At the same moment Kar Komak leaped with bare hands clawing at the leg of another of the huge riders; the balance of the horde raced in to close quarters, dismounting the better to wield their favourite long-swords; the Dusarian fliers touched the soft carpet of the ochre-clad sea-bottom, disgorging fifty fighting men from their bowels; and into the swirling sea of cutting, slashing swords sprang Komal, the great banth.

 

CHAPTER XI

GREEN MEN AND WHITE APES

A Torquasian sword smote a glancing blow across the forehead of Carthoris. He had a fleeting vision of soft arms about his neck, and warm lips close to his before he lost consciousness.

How long he lay there senseless he could not guess; but when he opened his eyes again he was alone, except for the bodies of the dead green men and Dusarians, and the carcass of a great banth that lay half across his own.

Thuvia was gone, nor was the body of Kar Komak among the dead.

Weak from loss of blood, Carthoris made his way slowly toward Aaanthor, reaching its outskirts at dark.

He wanted water more than any other thing, and so he kept on up a broad avenue toward the great central plaza, where he knew the precious fluid was to be found in a half-ruined building opposite the great palace of the ancient jeddak, who once had ruled this mighty city.

Disheartened and discouraged by the strange sequence of events that seemed fore-ordained to thwart his every attempt to serve the Princess of Ptarth, he paid little or no attention to his surroundings, moving through the deserted city as though no great white apes lurked in the black shadows of the mystery-haunted piles that flanked the broad avenues and the great plaza.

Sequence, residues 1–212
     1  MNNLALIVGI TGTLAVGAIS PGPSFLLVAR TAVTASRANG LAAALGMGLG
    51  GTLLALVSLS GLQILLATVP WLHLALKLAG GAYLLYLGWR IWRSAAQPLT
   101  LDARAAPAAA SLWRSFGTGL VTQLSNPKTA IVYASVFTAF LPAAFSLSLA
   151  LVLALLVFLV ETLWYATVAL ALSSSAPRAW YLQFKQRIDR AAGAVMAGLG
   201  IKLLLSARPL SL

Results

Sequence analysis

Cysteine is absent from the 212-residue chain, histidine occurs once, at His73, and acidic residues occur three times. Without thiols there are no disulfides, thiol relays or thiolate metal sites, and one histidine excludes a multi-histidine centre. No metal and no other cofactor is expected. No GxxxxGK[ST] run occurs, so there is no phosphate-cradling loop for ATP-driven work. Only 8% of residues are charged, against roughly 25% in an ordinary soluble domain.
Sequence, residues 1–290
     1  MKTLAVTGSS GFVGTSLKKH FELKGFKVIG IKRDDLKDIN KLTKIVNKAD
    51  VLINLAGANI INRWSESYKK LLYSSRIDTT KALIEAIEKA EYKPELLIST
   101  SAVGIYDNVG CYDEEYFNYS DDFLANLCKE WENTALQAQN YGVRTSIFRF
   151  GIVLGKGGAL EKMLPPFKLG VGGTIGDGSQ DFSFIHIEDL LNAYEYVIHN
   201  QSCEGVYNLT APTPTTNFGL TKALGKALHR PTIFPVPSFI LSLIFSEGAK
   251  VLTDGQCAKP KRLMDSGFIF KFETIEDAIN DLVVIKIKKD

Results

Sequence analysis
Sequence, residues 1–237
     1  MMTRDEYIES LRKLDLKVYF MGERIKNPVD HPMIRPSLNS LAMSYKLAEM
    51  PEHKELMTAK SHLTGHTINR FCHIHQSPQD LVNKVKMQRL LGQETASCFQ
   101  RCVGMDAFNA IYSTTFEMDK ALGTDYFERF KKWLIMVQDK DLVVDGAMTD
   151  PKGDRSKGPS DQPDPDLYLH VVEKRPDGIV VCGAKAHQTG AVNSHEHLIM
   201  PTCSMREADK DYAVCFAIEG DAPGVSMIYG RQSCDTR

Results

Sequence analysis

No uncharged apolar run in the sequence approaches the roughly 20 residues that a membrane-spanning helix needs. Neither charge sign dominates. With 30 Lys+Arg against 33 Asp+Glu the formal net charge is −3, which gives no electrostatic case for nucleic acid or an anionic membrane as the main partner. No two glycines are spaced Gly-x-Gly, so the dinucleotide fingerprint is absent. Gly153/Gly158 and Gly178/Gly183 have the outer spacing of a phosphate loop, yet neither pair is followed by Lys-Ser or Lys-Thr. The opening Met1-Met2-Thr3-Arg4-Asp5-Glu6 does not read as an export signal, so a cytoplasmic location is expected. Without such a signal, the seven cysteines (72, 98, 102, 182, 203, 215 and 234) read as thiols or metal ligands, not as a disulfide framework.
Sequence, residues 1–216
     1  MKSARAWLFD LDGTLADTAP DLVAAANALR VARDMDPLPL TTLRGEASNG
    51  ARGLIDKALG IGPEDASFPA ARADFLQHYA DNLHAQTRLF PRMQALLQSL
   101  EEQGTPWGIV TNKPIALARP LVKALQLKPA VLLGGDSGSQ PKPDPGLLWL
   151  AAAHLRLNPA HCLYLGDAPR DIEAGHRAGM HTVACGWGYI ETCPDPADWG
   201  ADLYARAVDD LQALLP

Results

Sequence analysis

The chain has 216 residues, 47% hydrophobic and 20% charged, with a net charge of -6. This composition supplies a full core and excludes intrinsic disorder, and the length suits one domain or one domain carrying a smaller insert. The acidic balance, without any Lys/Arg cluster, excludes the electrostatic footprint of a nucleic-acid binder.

But if Carthoris was careless of his surroundings, not so other eyes that watched his entrance into the plaza, and followed his slow footsteps toward the marble pile that housed the tiny, half-choked spring whose water one might gain only by scratching a deep hole in the red sand that covered it.

And as the Heliumite entered the small building a dozen mighty, grotesque figures emerged from the doorway of the palace to speed noiselessly across the plaza toward him.

For half an hour Carthoris remained in the building, digging for water and gaining the few much-needed drops which were the fruits of his labour. Then he rose and slowly left the structure. Scarce had he stepped beyond the threshold than twelve Torquasian warriors leaped upon him.

No time then to draw long-sword; but swift from his harness flew his long, slim dagger, and as he went down beneath them more than a single green heart ceased beating at the bite of that keen point.

Then they overpowered him and took his weapons away; but only nine of the twelve warriors who had crossed the plaza returned with their prize.

They dragged their prisoner roughly to the palace pits, where in utter darkness they chained him with rusty links to the solid masonry of the wall.

“To-morrow Thar Ban will speak with you,” they said. “Now he sleeps. But great will be his pleasure when he learns who has wandered amongst us—and great will be the pleasure of Hortan Gur when Thar Ban drags before him the mad fool who dared prick the great jeddak with his sword.”

Then they left him to the silence and the darkness.

For what seemed hours Carthoris squatted upon the stone floor of his prison, his back against the wall in which was sunk the heavy eye-bolt that secured the chain which held him.

Then, from out of the mysterious blackness before him, there came to his ears the sound of naked feet moving stealthily upon stone—approaching nearer and nearer to where he lay, unarmed and defenceless.

Minutes passed—minutes that seemed hours—during which time periods of sepulchral silence would be followed by a repetition of the uncanny scraping of naked feet slinking warily upon him.

At last he heard a sudden rush of unshod soles across the empty blackness, and at a little distance a scuffling sound, heavy breathing, and once what he thought the muttered imprecation of a man battling against great odds. Then the clanging of a chain, and a noise as of the snapping back against stone of a broken link.

Again came silence. But for a moment only. Now he heard once more the soft feet approaching him. He thought that he discerned wicked eyes gleaming fearfully at him through the darkness. He knew that he could hear the heavy breathing of powerful lungs.

Then came the rush of many feet toward him, and the THINGS were upon him.